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Vinegar Ingestion at Bedtime Moderates

Waking Glucose Concentrations in Adults


With Well-Controlled Type 2 Diabetes
ANDREA M. WHITE, PHD
CAROL S. JOHNSTON, PHD
G
iven the importance of maintaining
acceptable blood glucose concen-
trations, there is much interest in
identifying foods and diet patterns that
will help individuals with diabetes man-
age their condition. Based on previous
data indicating that vinegar ingestion at
mealtime reduces postprandial glycemia
(14), the aim of this pilot study was to
examine whether vinegar ingestion at
bedtime reduces the next-morning fasting
glucose concentration in individuals with
type 2 diabetes.
RESEARCH DESIGN AND
METHODS Four men and seven
women (aged 4072 years) diagnosed
with type 2 diabetes (by a physician) who
were not taking insulin completed the
study. Participants provided a clinically
determined A1C reading from a recent
(2 months) blood analysis. All partic-
ipants gave written informed consent,
and the study was approved by the in-
stitutional review board at Arizona State
University.
Participants maintained 24-h diet
records for 3 days and measured fasting
glucose at 0700 h for 3 consecutive days
with a calibrated glucometer before the
start of the study. Participants were in-
structed to continue usual prescription
medication use during the study. Utiliz-
ing a randomized crossover design with a
3- to 5-day washout period between treat-
ments, participants followed a standard-
ized meal plan for 2 days, consuming
either 2 Tbsp apple cider vinegar or water
at bedtime with 1 oz cheese (8 g protein,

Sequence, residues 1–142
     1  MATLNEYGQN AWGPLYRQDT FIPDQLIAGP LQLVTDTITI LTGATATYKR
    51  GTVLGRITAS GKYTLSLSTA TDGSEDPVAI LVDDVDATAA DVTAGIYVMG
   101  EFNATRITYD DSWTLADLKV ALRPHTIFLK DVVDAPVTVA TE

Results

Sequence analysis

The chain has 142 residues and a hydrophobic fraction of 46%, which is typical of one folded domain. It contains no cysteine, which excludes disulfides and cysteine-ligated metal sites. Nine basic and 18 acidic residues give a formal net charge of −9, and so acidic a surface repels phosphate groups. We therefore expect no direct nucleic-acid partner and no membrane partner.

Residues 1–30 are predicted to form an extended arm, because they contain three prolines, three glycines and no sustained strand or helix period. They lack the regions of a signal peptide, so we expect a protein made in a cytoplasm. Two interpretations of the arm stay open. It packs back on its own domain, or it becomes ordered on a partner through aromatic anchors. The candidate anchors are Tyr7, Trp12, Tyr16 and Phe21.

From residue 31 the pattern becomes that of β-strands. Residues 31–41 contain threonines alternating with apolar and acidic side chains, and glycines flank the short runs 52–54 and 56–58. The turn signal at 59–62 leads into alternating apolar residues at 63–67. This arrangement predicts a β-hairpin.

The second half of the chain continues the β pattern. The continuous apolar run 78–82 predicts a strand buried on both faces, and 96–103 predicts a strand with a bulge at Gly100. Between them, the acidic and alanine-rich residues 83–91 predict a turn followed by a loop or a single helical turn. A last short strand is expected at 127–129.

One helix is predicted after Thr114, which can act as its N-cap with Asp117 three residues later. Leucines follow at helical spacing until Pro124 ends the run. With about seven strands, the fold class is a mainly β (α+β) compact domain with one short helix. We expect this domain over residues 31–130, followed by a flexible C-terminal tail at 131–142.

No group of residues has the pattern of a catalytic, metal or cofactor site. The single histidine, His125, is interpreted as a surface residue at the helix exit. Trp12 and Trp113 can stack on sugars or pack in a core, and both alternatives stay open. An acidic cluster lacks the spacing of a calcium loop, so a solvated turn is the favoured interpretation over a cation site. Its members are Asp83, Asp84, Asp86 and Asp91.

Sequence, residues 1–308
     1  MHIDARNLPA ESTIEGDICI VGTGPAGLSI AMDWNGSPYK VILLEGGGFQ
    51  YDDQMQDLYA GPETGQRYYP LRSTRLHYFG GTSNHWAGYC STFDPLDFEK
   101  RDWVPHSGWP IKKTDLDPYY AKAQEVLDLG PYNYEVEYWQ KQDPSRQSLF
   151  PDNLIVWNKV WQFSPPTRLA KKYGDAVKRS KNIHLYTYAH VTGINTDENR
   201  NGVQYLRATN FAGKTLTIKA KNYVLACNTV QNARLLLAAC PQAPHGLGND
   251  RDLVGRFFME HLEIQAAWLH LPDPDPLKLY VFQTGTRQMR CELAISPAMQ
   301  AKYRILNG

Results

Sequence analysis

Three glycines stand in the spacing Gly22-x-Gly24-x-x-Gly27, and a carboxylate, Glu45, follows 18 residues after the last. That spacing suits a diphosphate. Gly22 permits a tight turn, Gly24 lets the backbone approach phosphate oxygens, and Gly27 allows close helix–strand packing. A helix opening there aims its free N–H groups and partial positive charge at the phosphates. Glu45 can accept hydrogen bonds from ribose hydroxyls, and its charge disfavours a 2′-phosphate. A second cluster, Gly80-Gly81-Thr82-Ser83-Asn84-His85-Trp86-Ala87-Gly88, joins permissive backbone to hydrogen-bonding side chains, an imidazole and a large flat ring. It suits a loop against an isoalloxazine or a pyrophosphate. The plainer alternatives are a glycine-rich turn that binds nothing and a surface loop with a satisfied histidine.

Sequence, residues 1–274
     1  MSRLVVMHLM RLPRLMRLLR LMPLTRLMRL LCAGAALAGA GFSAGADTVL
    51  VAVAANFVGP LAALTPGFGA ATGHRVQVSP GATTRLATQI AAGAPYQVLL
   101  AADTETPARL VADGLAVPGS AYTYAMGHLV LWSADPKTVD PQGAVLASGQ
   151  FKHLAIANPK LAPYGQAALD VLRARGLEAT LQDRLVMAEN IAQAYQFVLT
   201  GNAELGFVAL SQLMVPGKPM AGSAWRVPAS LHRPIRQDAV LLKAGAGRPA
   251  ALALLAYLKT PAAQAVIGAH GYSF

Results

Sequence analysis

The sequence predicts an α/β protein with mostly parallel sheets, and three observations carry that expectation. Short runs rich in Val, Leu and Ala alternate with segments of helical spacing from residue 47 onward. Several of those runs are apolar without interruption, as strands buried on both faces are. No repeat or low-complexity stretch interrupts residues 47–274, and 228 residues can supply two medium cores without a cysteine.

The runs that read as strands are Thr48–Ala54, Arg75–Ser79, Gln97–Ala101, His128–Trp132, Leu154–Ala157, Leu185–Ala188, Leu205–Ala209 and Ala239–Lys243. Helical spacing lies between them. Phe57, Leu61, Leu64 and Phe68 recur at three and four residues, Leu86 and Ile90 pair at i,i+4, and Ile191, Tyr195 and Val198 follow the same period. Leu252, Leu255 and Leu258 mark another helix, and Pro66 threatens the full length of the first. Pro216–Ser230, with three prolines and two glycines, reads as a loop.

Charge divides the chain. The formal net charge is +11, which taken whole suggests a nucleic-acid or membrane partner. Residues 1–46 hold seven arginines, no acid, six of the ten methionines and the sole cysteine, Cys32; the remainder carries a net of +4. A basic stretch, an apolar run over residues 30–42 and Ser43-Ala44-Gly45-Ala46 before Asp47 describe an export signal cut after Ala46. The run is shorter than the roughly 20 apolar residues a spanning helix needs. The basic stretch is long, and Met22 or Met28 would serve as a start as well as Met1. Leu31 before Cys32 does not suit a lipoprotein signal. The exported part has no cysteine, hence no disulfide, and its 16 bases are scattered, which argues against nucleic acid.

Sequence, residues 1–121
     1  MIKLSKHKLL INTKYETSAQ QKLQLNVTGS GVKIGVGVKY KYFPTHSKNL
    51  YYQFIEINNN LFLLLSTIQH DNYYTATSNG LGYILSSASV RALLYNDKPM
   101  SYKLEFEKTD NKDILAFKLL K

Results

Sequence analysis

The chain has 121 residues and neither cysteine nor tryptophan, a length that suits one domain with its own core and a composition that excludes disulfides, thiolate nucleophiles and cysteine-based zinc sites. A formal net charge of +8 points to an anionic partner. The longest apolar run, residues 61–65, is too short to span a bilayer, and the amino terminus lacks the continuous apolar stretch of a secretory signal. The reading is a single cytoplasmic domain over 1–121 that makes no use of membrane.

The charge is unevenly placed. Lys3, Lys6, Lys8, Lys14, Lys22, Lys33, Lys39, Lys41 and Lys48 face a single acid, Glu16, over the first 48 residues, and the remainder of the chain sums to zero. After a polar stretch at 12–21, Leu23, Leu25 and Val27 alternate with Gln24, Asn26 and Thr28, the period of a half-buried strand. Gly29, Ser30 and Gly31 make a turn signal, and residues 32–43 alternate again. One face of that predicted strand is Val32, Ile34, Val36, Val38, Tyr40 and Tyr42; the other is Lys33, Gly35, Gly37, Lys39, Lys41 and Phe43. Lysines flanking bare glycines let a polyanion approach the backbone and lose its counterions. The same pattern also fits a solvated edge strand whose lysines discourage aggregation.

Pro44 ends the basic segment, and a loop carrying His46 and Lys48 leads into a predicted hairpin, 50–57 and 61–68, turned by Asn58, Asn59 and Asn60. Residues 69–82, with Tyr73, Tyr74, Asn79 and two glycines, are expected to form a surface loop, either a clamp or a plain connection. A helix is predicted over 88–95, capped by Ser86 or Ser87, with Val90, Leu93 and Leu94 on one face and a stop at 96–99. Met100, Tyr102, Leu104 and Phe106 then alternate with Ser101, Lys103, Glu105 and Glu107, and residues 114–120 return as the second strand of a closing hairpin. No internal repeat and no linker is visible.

1 g carbohydrate, and 1.5 g fat). The stan-
dardized meal plan was designed to
reect the individuals typical diet. Partic-
ipants were instructed to record all foods
and beverages ingested during each 2-day
treatment period.
Fasting glucose was recorded with a
calibrated glucometer by each participant
during the trial: at baseline (day 0) and
day 2 at 0700 h. These results were down-
loaded by the research staff from each
participants glucometer memory. A mul-
tivariate repeated-measures ANOVA test
with body weight as a covariate was used
to determine a signicant time-by-
treatment effect using SPSS (version 14
for Windows; SPSS, Chicago, IL).
RESULTS The duration of diabetes
averaged 4.9 1.0 years for the partici-
pants, and 73% of participants (8 of 11)
used prescription hypoglycemic agents
during the study. Before the initiation of
the study, a BMI of 29.1 1.2 kg/m
2
, a
typical fasting glucose of 7.6 0.3
mmol/l, and an A1C of 6.7 0.2% were
recorded for the participants. Participants
complied with the dietary protocol as in-
dicated by the diet records maintained
during the study; hence, food intake for
the two treatment periods was identical
within subjects. Fasting glucose was re-
duced 0.15 mmol/l (2%) and 0.26 mmol/l
(4%) for the placebo and vinegar treat-
ments, respectively (time-by-treatment
effect, P 0.033) (Fig. 1). Closer exami-
nation of the data revealed that the vine-
gar treatment was particularly effective
for the participants with a typical fasting
glucose 7.2 mmol/l; in these individuals
(n 6), fasting glucose was reduced 6%
compared with a reduction of 0.7% in
those participants with a typical fasting
glucose 7.2 mmol/l (n 5).
CONCLUSIONS These data sug-
gest that vinegar ingestion at bedtime may
favorably impact waking glucose concen-
trations in type 2 diabetes. The antiglyce-
mic effect of acetic acid, the active
ingredient in vinegar, has been attributed
to reduced starch digestion (5) and/or de-
layed gastric emptying (6). Neither of
these proposed mechanisms likely ex-
plains the effects noted herein; moreover,
to our knowledge, this is the rst report
describing a hypoglycemic effect of vine-
gar apart from mealtime. Fushimi et al.
(7,8) have published a series of trials in
rats demonstrating that acetic acid alters
hepatic and skeletal glucose metabolism.
These investigations show that acetic acid
feeding (0.2 acetic acid/100 g diet) re-
duced xylulose-5-phosphate accumula-
tion in liver and phosphofructokinase-1
activity in skeletal musclemetabolic
changes consistent with reduced glycoly-
sis and the promotion of glycogen synthe-